Iran: U.S. statement on jailed citizens is unacceptable, meddlesome

July 22, 2017 - 21:38

TEHRAN – Iran on Saturday rejected a White House statement on American citizens jailed in Iran, branding it as “unacceptable and meddlesome”. 

“As always, the White House’s statements are an instance of interference in Iran’s internal affairs, and are unacceptable and rejected,” Iran’s Foreign Ministry spokesman Bahram Qassemi said.  

“According to judicial officials, the individuals referred to in the White House’s statement are under allegations under Iran’s law which needs to be investigated,” Qassemi added.
The top Iranian diplomat also urged Washington to “immediately release” Iranian nationals detained in the U.S., one of whom had already died. 

He did not elaborate more.   

In a statement on Friday, U.S. President Donald Trump and his administration warned Iran to release and return “unjustly detained” American citizens, otherwise, it should brace itself for “new and serious consequences”. 

“President Trump is prepared to impose new and serious consequences on Iran unless all unjustly imprisoned American citizens are released and returned,” the statement said, adding that administration was "redoubling efforts to bring back all Americans unjustly detained abroad.”

The statement capped a week of rhetoric against Tehran. On Tuesday, Washington slapped new economic sanctions against Iran over its ballistic missile program, claiming Tehran's "malign activities" in the Middle East undercut any "positive contributions" coming from the 2015 nuclear accord between Iran and six world powers.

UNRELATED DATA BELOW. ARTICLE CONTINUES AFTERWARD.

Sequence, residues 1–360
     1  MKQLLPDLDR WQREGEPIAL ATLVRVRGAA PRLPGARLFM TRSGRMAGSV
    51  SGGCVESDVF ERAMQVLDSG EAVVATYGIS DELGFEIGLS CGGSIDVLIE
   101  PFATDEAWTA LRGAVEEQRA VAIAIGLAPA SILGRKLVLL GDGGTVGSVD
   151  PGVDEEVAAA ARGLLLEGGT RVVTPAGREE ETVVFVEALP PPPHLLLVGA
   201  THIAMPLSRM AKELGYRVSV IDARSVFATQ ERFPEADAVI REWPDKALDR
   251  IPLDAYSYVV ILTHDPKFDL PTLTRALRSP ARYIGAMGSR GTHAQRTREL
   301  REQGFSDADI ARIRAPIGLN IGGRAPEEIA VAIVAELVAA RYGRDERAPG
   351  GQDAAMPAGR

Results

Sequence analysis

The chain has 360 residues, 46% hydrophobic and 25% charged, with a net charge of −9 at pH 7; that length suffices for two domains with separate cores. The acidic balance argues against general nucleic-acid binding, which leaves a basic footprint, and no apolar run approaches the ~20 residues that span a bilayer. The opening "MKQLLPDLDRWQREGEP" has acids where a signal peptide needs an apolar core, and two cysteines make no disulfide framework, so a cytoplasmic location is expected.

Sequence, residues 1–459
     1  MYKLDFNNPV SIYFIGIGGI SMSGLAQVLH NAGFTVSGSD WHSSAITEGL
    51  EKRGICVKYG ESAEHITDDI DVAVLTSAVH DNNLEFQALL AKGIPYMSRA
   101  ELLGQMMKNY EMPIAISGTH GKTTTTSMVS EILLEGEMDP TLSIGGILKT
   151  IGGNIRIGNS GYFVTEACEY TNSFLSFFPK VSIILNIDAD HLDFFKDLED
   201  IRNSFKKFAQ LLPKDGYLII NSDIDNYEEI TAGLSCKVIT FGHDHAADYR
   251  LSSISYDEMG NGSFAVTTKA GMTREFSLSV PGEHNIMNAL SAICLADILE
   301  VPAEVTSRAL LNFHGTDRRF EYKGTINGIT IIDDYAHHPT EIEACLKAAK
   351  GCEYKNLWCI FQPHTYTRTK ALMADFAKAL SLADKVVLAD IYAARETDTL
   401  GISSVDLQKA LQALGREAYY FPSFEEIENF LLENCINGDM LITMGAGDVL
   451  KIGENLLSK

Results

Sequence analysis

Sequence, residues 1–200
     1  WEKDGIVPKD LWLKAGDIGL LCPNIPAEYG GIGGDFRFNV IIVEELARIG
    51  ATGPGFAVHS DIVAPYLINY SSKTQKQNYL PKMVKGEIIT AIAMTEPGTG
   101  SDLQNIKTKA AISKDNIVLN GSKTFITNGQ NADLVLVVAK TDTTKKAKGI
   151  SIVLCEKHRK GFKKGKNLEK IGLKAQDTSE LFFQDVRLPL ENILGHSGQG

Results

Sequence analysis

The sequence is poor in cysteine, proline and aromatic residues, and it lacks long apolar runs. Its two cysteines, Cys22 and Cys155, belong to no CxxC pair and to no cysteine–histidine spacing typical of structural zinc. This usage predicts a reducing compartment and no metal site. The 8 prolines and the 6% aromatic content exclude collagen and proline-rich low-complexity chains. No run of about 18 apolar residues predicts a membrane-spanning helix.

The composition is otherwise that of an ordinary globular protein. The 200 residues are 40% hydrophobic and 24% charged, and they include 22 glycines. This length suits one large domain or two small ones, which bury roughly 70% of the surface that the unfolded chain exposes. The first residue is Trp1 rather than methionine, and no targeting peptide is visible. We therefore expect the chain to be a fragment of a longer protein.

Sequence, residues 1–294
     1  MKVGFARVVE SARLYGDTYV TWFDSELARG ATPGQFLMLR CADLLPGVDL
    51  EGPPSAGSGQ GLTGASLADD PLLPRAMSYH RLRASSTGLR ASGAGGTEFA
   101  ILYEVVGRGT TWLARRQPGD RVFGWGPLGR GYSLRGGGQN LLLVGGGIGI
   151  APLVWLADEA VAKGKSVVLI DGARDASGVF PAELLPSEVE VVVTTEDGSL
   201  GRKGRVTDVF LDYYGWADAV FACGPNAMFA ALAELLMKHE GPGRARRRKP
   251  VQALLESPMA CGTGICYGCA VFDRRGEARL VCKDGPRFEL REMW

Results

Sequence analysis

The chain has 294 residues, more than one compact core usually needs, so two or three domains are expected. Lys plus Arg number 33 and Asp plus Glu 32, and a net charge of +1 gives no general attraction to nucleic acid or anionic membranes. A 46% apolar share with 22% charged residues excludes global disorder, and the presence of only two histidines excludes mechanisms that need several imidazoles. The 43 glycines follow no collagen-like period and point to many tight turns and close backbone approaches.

The statement mentioned Robert Levinson, Xiyue Wang and Siamak Namazi and his father Baqer. 

Levinson, 68, if still alive, disappeared in 2007 from Iran's Kish Island in 2007. In 2013, a years-long investigation by the Associated Press alleged that Robinson had been engaged in an extraordinarily unusual intelligence operation on Iranian officials’ corruption initiated by three unofficial CIA analysts.

The report countered a statement by the Obama administration in 2013 who rejected Levinson was in Iran on behalf of any government body, saying he went missing on “a business trip”. 

The last time Levinson was seen alive was in a 2010 hostage video, though it remains unclear exactly who was holding him. 

Iran has denied any knowledge of his whereabouts, but Obama suggested in his announcement of the prisoner swap that Iran had "agreed to deepen our coordination as we work to locate Robert Levinson."

The U.S. government has a $5 million reward for clues leading to Robinson’s safe return.

In his presidential campaign, Trump pledged to make Levinson's case a priority. 

In his remarks, Qassemi said Iran has no “new clue” of what happened to Robinson after had left Iran. 

Siamak, a 46-year-old businessman, was apprehended by the Islamic Revolutionary Guards Crops in Tehran in October 2015, was later charged by Iran’s Judiciary with espionage and collusion with an enemy country. His 80-year-old elderly father Baqer was also arrested in February.  

Siamak formerly worked for the Sharjah-based oil and gas company Crescent Petroleum. 

Signing a deal in 2001, Iran and Crescent have been locked in negotiations about the price of gas exports from the Iranian offshore Salman field since 2006. 
Wang, 37 and a graduate student from Princeton University, was sentenced to 10 years in jail on spying charges by Iran’s Judiciary, last week. 

Iran said Wang had bribed library officials in Iran, and had sent 4,500 pages of digital documents to the U.S. 

Wang’s academic adviser, history Professor Stephen Kotkin, and fellow graduate students has offered a different narrative, saying that scanning historical documents for later review is a common practice for researchers.

Past experience holds promising clues for Tehran and Washington. In 2016, Tehran, as it was preparing to implement the historic nuclear deal, released four dual-nationality Americans, including Jason Rezaian, the Washington Post journalist imprisoned in Iran for more than a year. 
The achievement was an outcome of personal diplomacy between Iranian Foreign Minister Mohammad Javad Zarif and his American counterpart John Kerry.